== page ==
Pacific books get youngsters reading

By Vaimoana Tapaleao

Lani Wendt-Young hopes more stories can be set in the islands. Photo / Supplied
Lani Wendt-Young hopes more stories can be set in the islands. Photo / Supplied

A fantasy love story set in the islands and being described as the Twilight series of the Pacific is getting young Pacific people excited about reading.

Author Lani Wendt-Young has written two books in the Telesa series, and the third and final book will go on sale this year.

Set in modern Samoa, the novels feature a young couple, Leila and Daniel. Their story is inspired by ancient mythologies throughout the Pacific, including from Tonga and Hawaii, but with a particular focus on the ancient Samoan legend of the telesa - powerful spirit women and guardians of the land.

Mrs Wendt-Young, an English literature teacher, grew up in Samoa and now lives in Auckland with husband Darren and their five children.

She said writing something that Pacific youth could connect with was an easy way to get them reading.

"I wrote the first book because it was the kind of thing I wanted to read as a 14 to 16-year-old growing up in the islands.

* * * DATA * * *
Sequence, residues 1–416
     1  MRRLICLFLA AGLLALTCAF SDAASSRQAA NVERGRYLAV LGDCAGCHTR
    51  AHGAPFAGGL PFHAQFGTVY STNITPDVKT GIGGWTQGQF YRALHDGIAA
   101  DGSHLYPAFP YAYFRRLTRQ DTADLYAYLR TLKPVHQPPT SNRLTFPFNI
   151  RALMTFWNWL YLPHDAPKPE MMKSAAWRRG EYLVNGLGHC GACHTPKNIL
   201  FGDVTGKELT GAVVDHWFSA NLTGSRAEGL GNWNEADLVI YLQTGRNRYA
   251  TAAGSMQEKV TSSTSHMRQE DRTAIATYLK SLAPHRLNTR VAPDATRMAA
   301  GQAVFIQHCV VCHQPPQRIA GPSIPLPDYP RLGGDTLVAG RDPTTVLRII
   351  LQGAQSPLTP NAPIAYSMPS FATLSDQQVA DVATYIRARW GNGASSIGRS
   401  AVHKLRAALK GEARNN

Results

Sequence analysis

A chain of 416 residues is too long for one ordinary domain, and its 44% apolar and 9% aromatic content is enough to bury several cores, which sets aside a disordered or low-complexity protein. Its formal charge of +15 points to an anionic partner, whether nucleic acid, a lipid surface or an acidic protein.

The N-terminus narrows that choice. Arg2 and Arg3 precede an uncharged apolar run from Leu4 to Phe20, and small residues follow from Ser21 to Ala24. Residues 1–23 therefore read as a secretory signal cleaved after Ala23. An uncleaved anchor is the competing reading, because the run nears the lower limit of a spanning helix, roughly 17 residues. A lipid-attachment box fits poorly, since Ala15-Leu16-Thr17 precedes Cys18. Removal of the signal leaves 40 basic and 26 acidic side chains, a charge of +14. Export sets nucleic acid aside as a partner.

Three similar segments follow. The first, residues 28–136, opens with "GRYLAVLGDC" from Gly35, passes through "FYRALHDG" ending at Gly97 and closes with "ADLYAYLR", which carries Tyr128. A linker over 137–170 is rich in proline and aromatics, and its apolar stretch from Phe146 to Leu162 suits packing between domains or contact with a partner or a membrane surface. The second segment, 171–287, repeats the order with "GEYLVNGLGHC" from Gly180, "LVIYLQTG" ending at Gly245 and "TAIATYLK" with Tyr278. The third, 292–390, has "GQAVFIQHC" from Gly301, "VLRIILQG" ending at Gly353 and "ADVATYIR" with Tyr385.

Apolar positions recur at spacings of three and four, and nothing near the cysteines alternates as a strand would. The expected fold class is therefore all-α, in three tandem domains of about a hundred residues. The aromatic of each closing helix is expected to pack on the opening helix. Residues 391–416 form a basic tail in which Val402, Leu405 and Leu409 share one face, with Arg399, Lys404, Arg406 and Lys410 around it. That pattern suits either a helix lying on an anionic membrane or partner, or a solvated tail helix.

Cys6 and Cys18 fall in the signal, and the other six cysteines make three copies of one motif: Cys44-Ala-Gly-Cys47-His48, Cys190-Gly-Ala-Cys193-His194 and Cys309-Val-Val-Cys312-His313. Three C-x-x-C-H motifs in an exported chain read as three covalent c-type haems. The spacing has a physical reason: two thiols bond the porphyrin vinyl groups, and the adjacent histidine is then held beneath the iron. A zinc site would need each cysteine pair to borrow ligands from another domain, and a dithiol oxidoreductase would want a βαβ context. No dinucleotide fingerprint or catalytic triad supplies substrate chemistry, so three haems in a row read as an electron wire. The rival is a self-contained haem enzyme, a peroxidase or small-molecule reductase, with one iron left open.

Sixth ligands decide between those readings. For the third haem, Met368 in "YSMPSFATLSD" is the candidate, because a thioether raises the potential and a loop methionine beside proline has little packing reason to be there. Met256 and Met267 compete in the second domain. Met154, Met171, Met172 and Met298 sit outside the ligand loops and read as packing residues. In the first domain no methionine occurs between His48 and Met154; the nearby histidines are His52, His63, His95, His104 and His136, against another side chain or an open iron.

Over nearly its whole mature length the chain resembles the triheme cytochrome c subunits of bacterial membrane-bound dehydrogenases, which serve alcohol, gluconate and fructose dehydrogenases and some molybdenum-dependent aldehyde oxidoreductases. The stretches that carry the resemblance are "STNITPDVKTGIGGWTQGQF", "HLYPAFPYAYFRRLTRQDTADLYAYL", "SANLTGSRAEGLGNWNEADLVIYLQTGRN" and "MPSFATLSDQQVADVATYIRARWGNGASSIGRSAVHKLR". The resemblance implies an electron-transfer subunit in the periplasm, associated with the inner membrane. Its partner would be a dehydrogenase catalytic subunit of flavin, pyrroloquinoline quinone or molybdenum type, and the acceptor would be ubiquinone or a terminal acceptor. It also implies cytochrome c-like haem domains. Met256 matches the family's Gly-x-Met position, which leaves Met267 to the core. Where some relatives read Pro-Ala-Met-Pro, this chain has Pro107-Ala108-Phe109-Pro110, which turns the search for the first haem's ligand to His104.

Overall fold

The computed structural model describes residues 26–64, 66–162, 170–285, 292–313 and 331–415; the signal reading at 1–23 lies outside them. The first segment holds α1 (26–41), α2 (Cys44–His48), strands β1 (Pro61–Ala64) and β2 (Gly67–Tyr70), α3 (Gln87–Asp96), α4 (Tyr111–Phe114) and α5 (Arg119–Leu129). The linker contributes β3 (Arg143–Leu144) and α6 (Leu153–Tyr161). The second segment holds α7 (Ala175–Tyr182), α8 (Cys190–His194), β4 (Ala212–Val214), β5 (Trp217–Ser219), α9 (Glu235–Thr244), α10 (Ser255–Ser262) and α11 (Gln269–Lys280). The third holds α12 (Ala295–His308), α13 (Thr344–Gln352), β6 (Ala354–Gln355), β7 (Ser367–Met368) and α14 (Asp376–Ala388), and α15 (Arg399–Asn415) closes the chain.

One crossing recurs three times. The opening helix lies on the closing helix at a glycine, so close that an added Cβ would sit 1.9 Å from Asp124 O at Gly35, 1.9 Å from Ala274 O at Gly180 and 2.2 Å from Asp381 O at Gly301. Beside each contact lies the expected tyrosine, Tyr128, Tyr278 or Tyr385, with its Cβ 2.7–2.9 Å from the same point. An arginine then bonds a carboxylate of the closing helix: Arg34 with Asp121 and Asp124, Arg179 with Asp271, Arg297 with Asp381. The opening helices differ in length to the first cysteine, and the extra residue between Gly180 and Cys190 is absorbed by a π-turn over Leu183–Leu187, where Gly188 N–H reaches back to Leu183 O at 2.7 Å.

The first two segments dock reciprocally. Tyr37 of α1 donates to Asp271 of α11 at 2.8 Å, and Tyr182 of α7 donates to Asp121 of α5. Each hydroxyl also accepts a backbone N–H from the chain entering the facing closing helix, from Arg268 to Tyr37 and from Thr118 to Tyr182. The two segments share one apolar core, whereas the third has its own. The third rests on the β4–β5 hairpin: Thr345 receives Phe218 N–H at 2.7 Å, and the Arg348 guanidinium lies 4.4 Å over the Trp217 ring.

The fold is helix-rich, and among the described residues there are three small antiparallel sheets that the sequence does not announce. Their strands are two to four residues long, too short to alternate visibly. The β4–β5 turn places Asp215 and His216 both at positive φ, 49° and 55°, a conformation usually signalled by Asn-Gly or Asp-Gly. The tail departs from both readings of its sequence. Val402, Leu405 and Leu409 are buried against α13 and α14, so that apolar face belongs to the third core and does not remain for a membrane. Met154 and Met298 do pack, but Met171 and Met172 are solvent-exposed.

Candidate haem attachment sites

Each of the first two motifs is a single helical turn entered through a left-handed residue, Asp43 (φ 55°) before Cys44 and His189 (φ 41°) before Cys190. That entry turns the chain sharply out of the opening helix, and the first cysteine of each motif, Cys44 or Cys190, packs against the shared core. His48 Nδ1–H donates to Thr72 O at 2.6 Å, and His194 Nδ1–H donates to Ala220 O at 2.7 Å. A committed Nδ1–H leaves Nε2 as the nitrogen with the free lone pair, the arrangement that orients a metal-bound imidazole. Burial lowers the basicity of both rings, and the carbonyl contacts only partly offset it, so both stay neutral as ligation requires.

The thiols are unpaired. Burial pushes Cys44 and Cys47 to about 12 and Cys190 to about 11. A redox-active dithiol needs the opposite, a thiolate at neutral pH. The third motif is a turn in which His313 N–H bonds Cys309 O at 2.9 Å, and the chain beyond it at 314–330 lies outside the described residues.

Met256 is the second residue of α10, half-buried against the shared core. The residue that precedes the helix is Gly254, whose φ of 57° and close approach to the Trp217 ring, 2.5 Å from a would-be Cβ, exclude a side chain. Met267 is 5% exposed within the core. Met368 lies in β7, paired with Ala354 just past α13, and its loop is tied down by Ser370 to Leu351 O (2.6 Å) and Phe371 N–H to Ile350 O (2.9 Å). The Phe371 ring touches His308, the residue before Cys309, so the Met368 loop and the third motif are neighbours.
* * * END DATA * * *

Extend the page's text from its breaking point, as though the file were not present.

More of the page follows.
There were always so many stories set in other parts of the world but never anything I could directly connect with - never anything in Samoa," she said.

"I'm writing these because I'm thinking of my children and for those Pacific young people who don't read. It's really powerful when you can read a book about people that look like you and think like you and going through the same thing as you. That's what's lighting the fire to read."

The first Telesa novel, The Covenant Keeper, was published as an e-book on the Amazon website in October, 2011. Within two months it had reached the No1 spot on the "top rated fantasy romance" list and was issued in print.

The second book in the trilogy - When Water Burns - was released last year, followed by a novella, I Am Daniel Tahi, in December.

Between 12,000 to 15,000 e-book and print copies have been sold since then and the books have been widely distributed around the world.

They have also been picked up as study novels in several high schools in New Zealand and Samoa , and by tertiary institutions including the University of Guam and the University of Auckland.

Mrs Wendt-Young, whose influences include her famous uncle, writer Albert Wendt, is now working on another series for adults. She said she hoped more stories set in the islands would come out of her novels.

"It really is something that is missing at the moment and not easily accessed. I just hope more Pacific writers get on board."

She is now working on the final book in the series, Telesa: The Bone Bearer.

- NZ Herald

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